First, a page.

It might seem like Americans are creatures of habit like anyone else, and that your comfort with receiving your news in this prepackaged format, with its nearly surgical precision in reporting only the most acceptable and undeniable violations of human rights, is one that stems from the reliability of this method. It is crucial to understand that what you are receiving is only the tip of a very large iceberg. It is better-written propaganda. The fact that you are accustomed to interacting with media in this form does not make it normal, it makes it common. 

The second and most crucial element here is that the media that is considered reputable and acceptable, and presented as a natural superior to “unobjective” or “agency-driven” grassroots reporting is literally anything but objective. 

Take the Washington Post, which, since being purchased by one of the richest men alive with a variety of worker-abuse claims, has published some opinions that are little more than insidious American imperial propaganda, each time with the trademark tagline “Democracy dies in darkness.” The days of Watergate are long gone — so too should be the celebration and trust given to a paper that is owned by a man like Jeff Bezos. 

The New York Times is not exempt, either. In any other country, a publication that put out such a nauseating portrait of people whose only job is to commit mass murder behind a computer screen would be seen as frighteningly biased. Maybe John Oliver would do a bit about it. Cue the infographics and the “We need to talk about [blank]” headlines. 

Holly Jackson’s 2021 study on the New York Times’ reporting on Palestine at MIT offers a harrowing, undeniable analysis of the media bias from reputable sources. Most urgently, that the Times overreports Israeli casualties, underreports Palestinian casualties, references Israeli groups in 93% of articles compared to references to Palestinians, which are present in only 43%, and uses passive voice twice as often when referring to Palestinians.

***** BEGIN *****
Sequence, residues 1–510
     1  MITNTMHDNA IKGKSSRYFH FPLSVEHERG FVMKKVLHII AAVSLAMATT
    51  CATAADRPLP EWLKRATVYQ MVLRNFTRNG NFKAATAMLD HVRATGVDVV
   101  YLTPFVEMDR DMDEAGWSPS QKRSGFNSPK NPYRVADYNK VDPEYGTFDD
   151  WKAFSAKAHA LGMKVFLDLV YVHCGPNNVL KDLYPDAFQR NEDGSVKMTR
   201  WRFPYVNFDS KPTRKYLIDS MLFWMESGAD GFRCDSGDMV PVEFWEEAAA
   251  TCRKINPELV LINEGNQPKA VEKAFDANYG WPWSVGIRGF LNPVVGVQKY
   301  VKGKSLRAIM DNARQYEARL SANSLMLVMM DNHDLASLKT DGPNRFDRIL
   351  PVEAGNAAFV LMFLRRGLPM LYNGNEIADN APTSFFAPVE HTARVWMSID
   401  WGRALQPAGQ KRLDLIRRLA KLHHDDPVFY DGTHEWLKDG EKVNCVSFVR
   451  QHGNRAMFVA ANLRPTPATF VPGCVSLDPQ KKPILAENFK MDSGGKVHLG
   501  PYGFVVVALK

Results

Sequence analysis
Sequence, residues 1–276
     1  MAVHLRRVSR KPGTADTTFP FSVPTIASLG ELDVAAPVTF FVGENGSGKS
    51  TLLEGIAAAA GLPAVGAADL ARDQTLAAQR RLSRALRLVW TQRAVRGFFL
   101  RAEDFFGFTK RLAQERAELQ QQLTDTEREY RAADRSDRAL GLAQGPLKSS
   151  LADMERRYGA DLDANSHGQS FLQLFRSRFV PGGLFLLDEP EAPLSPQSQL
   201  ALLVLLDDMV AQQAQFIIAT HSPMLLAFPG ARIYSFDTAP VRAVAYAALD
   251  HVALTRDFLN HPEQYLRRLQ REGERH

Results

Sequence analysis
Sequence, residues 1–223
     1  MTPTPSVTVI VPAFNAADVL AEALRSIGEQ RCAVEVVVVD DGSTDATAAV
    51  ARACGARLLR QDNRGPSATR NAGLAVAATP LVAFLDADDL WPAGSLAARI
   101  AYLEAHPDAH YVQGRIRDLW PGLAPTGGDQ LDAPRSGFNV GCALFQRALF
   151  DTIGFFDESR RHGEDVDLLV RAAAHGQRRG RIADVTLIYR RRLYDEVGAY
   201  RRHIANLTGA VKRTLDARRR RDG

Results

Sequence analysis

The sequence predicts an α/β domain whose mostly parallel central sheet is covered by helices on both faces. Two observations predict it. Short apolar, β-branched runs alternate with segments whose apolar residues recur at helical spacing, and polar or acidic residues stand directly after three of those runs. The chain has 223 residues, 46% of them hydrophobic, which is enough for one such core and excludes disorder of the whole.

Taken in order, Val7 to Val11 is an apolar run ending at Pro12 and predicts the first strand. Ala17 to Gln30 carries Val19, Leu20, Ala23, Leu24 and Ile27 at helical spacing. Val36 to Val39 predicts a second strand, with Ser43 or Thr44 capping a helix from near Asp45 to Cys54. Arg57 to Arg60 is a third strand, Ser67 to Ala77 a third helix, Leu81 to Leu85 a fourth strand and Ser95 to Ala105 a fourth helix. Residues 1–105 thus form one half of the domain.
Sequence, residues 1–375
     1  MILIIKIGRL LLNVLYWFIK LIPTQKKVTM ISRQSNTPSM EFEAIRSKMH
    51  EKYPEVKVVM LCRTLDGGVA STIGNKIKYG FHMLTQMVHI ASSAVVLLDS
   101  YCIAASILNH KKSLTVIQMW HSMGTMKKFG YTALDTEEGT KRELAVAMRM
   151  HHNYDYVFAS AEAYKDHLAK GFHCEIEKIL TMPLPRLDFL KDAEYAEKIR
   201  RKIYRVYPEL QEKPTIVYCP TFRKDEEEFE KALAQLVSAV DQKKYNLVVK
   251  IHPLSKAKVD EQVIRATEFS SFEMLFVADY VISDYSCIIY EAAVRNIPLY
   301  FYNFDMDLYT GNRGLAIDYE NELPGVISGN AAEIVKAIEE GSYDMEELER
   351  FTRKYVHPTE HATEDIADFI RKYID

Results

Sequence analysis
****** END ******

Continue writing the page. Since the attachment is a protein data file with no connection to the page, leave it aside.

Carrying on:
Jackson also references a study by Allison Weir’s nonprofit organization “If Americans Knew” which compared media coverage during two periods in the Second Intifada. The study found that, despite the Palestinian death toll being 7.6 higher than that of Israelis in 2004, The New York Times reported Israeli deaths at 149% and Palestinian deaths at 41% in headlines or first paragraphs.  

The stilted reality of the death toll has not changed. The reporting bears little proof of change, either. The point-blank assassination of internationally respected Palestinian Al Jazeera reporter, Shireen Abu Akleh, in May was so widely circulated that it was impossible to ignore. Unless, of course, you’re an avid reader of the Times, in which case you’d be presented with a report where Israeli authorities, after having shot a journalist in a press vest, are cited multiple times in apparent good faith. 

It is already ridiculous enough that many Americans waited with bated breath for their champion publication to conduct their own investigation into a murder that was literally livestreamed, as if it would be the only way to know what happened, but that the only conclusive statement that the Times managed to put out is that Shireen Abu Akleh was “most likely” another casualty of the IDF is a marker of their profound lack of integrity.  

American media disservices its readers by underreporting and skewing the reality of U.S.-backed violence abroad. Americans themselves are at a precipice where they must decide how much they are going to value the name of a publication over the content it reports. This is a decision that must be made urgently — if not for the sake of their conscience, then for the sake of the media literacy of future generations. 

Sofia Uriagereka writes about politics and international and domestic social movements. Write to her at [email protected].